It seems like newly-discovered animal species are being described and named in scientific journals regularly. With that in mind, it shouldn’t come off as much of a surprise to anyone that researchers recently happened upon two frog species that are entirely ‘new to science’ while exploring forests in the Southern Ecuadorian Andes.
Image Credit: UCF, Veronica Urgiles
The findings, which were published just this past week in the journal ZooKeys, describe two of the latest additions to the genus Pristimantis, including the black and brown P. quintanai and the black and green P. cajanuma.
The researchers involved in the study had been observing these frogs in the wilderness for the last several years, but it wasn’t until after a multitude of observations and scientific tests that it became evident that they were dealing with new species.
At just 0.8-inch long, these frogs aren’t particularly large, but their distinctive colors help them blend in with their surroundings. Moreover, they differ from other known species genetically and exhibit a particularly distinct type of development process when compared to others of their kind:
"One of the things that I found most interesting about these guys is that they don't have metamorphosis like a regular frog, but instead they develop entirely inside eggs that adult females deposit in the ground," elucidated Veronica Urgiles, the paper’s lead author.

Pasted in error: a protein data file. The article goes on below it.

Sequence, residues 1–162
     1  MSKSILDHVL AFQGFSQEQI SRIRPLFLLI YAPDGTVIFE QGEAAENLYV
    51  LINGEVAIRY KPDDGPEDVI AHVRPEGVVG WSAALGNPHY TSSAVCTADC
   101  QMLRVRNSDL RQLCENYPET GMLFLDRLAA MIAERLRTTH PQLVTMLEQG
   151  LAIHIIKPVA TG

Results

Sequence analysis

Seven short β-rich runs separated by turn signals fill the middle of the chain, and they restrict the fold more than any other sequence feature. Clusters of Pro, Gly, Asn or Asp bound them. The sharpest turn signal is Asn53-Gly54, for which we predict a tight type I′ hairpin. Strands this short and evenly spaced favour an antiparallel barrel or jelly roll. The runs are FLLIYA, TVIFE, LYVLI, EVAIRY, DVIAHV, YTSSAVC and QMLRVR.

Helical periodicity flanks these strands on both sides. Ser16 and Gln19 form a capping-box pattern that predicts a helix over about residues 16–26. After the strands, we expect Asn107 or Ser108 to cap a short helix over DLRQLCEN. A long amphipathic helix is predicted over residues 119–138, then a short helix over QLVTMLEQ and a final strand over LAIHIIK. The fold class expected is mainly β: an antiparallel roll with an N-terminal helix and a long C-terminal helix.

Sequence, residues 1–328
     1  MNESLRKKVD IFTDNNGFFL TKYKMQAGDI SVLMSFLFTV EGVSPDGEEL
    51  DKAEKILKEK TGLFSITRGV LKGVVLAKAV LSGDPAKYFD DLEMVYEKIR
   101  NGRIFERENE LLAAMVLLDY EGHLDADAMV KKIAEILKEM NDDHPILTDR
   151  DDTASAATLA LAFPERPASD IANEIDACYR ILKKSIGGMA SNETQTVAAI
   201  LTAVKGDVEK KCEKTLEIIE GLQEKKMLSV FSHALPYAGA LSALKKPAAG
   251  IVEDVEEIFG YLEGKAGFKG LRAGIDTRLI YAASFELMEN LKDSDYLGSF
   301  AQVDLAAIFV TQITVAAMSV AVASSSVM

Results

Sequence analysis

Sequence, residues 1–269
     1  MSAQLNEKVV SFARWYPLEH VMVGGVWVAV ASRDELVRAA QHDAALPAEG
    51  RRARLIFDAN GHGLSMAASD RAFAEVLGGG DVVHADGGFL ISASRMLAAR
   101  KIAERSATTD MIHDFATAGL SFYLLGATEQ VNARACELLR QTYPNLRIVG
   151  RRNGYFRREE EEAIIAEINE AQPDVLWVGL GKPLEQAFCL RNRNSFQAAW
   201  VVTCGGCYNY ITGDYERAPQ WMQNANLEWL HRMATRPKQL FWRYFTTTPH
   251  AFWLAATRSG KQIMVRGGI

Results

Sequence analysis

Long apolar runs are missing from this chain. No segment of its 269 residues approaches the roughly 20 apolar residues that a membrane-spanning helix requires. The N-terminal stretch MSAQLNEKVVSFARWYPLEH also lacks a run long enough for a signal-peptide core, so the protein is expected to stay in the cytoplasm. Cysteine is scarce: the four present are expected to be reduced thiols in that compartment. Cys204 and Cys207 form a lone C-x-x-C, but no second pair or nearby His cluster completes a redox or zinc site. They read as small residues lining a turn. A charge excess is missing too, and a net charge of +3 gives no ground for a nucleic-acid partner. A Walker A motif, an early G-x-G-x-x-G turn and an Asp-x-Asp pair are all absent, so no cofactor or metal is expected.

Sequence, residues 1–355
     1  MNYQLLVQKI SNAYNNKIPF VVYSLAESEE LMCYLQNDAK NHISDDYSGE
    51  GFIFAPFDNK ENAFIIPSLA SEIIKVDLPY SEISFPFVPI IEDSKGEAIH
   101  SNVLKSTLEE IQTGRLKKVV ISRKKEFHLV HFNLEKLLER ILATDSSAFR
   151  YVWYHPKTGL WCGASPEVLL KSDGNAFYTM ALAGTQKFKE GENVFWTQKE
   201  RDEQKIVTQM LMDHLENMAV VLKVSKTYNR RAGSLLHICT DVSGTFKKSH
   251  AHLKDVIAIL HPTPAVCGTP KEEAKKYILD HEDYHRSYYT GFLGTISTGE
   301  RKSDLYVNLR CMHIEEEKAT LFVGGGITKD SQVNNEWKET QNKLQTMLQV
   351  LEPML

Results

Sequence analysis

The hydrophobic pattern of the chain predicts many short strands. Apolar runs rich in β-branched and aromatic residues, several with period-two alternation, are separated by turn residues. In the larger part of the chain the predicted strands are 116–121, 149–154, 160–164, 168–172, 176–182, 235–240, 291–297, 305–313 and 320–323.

"They really don't need water bodies for their development. Both of the new frog species inhabit high elevation ecosystems in the mountain range over 8,000 feet," she continued. "So even though we are right there in the equator, it's very cold and windy most of the year."
DNA samples confirmed that P. quintanai and P. cajanuma are new species, but given just how little we know about the biological diversity in the region of the world where they were found, it’s entirely possible that there could be other close relatives to these frogs that have yet to be discovered.
"I have been looking at these frogs for years now, so going over the whole process of observing them in their habitats and then analyzing them and comparing them under the microscope, to finally naming them is a long, but very satisfying journey."
Perhaps continued observations in the region will help scientists learn more about the new species and discern whether others have yet to be identified.